What are the Five Points of Calvinism and why Should We care?
Updated: 1 day ago
A visitor to our Church asked me recently – What does it mean that you are a Five-point Calvinist Church? So, here is the answer in case someone ever asks you that question.
Calvinism did not actually start with John Calvin and is not about him. Calvin himself was a follower first and foremost of Jesus Christ, then of the Apostle Paul, then of the early Church fathers - most notably Augustine. Calvin did not come up with any new ideas, he only taught what they taught. Calvin simply took what Scripture said and placed it into a system of doctrines which made it easier for people to understand. Those basic Biblical tenants came to be summarized in English under the acronym TULIP.
– All humanity is born in sin and under God’s judgement. We do not naturally seek God, until He graciously prompts us to do so by His Holy Spirit. (Genesis 6:5; Jeremiah 17:9; Romans 3:10-18). Unconditional Election
- God, from eternity past, has chosen - according to His own will and not on the basis of our individual merit - to save a great multitude of sinners, a number too large to count. (Romans 8:29-30;9:11; Ephesians 1:4-6, 11-12) Limited Atonement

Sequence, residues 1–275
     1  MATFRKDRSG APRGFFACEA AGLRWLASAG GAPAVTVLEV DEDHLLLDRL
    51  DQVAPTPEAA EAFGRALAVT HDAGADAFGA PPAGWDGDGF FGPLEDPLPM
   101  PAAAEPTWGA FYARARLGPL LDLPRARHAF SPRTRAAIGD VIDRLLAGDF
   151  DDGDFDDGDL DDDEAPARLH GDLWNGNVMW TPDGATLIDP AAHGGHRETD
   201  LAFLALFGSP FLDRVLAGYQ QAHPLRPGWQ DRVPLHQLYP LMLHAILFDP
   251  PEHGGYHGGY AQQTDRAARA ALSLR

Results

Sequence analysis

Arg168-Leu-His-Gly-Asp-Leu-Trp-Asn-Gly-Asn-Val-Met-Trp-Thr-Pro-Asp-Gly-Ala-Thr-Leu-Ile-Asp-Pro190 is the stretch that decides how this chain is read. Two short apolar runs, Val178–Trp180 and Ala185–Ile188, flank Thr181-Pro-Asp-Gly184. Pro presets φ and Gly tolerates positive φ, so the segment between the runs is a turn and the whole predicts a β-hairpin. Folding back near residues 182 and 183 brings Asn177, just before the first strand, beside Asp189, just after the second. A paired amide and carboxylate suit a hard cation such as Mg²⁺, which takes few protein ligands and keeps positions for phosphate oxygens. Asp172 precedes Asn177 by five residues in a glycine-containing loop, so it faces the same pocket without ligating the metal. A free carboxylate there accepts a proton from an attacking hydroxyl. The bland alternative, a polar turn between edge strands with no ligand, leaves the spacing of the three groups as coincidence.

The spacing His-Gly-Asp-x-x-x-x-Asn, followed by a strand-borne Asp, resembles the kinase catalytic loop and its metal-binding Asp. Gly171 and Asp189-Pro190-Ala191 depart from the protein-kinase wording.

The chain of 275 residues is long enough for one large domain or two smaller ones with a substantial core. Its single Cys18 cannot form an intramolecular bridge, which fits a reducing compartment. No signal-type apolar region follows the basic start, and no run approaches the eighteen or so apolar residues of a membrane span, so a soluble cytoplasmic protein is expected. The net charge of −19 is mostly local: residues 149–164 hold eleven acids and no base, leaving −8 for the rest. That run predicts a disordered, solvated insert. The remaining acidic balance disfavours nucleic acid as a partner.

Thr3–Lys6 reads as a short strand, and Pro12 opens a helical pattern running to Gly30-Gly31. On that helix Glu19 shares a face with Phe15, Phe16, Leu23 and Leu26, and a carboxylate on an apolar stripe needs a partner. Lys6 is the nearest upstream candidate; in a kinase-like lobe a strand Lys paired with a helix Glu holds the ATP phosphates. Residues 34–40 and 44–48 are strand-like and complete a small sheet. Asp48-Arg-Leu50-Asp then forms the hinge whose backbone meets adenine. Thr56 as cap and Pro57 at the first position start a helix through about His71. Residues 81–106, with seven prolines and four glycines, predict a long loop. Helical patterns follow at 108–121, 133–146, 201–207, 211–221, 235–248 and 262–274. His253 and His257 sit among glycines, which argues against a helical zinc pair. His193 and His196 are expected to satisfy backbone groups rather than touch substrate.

- Christ took the judgment for the sins of His People upon Himself and thereby paid for our lives with His death. He did not simply make salvation “possible,” He actually obtained it for those whom He has redeemed. (Matthew 1:21; John 10:11; 17:9; Acts 20:28; Romans 8:32; Ephesians 5:25). Irresistible Grace
– Fallen humanity resists God’s love, but the grace of God working by the Holy Spirit makes us desire that which we previously resisted. God’s grace will not fail to accomplish its saving work in the lives of His People. (John 6:37, 44; 10:16 Isaiah 55:10-13).
Perseverance of the Saints
All of these tenants are taken directly from Scripture and in fact are inseparable from it. Calvinism is not about John Calvin, but about better understanding the life and ministry of Jesus Christ to whom we owe our highest devotion.